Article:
One positive outcome of this tragedy was, of course, the founding of SAFE; the only nonprofit with an expressed goal to raise public awareness of new developments and new research pertaining to the illicit antiquities trade. SAFE was founded in 2003; however it did not exist as a nonprofit until 2005. Although the looting of the Iraq Museum served as the impetus to found SAFE as a direct response of this event in 2003, I didn’t hear about its existence until my dawning realization of the scope of looting itself My archaeological “formative period” came about in the Southwestern United States (at the University of Arizona) where, for three years, I was fortunate enough to participate in excavations in settings as diverse as the Sonoran desert near Tucson to the Pacific Islands. Both of these locations do also suffer from looting and site vandalism (which I’d later observe), but the wide open spaces make encountering looting a rare occurrence unless you look for it. I had enough on my plate just learning the archaeological ropes!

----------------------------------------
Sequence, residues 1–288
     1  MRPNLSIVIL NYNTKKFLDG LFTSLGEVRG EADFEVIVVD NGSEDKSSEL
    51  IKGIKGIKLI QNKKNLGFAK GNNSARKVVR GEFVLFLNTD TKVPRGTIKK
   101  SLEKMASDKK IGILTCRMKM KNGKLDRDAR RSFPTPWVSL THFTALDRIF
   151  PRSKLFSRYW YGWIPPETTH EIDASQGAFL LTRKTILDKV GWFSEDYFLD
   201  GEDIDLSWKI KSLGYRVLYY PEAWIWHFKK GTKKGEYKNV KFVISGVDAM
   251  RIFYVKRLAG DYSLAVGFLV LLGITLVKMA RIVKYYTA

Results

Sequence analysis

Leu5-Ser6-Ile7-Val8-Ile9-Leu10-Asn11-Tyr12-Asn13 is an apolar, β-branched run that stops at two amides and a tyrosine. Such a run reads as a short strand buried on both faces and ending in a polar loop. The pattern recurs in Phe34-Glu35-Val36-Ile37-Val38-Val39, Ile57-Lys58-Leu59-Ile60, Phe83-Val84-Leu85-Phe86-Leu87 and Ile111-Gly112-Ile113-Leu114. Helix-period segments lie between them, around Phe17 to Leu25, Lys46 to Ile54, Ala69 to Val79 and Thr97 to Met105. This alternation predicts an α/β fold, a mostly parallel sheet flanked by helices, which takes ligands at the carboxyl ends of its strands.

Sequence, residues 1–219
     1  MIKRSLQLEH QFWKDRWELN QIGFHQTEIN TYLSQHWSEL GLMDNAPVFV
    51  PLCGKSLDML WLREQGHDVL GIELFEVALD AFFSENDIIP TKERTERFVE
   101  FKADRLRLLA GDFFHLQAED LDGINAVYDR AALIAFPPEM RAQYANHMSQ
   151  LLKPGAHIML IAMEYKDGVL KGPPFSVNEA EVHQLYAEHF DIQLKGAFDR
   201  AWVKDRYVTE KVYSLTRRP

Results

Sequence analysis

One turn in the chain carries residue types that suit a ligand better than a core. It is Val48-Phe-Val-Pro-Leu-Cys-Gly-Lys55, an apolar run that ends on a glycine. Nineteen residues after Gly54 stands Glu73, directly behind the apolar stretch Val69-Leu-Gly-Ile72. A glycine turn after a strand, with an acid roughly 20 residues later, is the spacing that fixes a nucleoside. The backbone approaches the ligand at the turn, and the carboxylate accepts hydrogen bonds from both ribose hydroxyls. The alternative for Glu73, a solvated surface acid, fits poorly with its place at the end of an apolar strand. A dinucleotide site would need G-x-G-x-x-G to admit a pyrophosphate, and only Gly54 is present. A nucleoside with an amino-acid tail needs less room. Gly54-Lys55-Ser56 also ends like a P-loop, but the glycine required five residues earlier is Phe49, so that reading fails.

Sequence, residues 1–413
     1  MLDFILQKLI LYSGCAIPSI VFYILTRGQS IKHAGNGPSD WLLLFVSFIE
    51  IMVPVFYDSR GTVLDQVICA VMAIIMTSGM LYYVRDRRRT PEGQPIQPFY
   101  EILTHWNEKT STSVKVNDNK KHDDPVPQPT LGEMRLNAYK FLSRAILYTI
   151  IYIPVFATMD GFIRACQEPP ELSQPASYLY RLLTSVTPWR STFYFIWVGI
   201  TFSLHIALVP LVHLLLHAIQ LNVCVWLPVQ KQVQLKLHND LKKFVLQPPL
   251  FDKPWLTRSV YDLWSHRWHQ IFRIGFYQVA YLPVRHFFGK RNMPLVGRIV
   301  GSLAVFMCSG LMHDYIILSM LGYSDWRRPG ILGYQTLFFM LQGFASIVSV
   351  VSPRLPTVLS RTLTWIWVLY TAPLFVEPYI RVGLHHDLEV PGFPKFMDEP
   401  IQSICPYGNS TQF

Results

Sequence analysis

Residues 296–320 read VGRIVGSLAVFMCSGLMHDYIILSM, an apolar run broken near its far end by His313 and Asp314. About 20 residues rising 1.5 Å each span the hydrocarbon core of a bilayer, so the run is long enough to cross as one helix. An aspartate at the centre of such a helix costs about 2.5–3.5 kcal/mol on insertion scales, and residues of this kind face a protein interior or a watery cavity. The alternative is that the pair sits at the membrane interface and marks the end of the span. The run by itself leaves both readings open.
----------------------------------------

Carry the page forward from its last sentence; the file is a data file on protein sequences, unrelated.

The real challenge facing all of us is to stop the illicit antiquities trade before it starts, tighten the net around those who seek to profit from it, and provide enough training to troops on both sides of future, inevitable, conflicts that sites of cultural heritage are greater than any one conflict.

By 2006, I had completed my Bachelor’s, as well as a Master’s degree at the Australian National University, and my focus had shifted to Vietnam, Southeast Asia, and bioarchaeology (the investigation of daily life, behavior, and human-environmental interaction from data contained in the skeleton, in the context of burial practices). The more I studied and worked in the field, the more I appreciated how much is lost when burials are dug up in the hunt for rare artifacts to sell. Burials uniquely represent one-off events; snapshots of the life and death of an individual and community. Perhaps more than any other category of archaeological site, burials are truly irreplaceable. Attending the 2006 Indo-Pacific Prehistory Association conference in Manila, Philippines, first exposed me to how severe looting had become in Southeast Asia.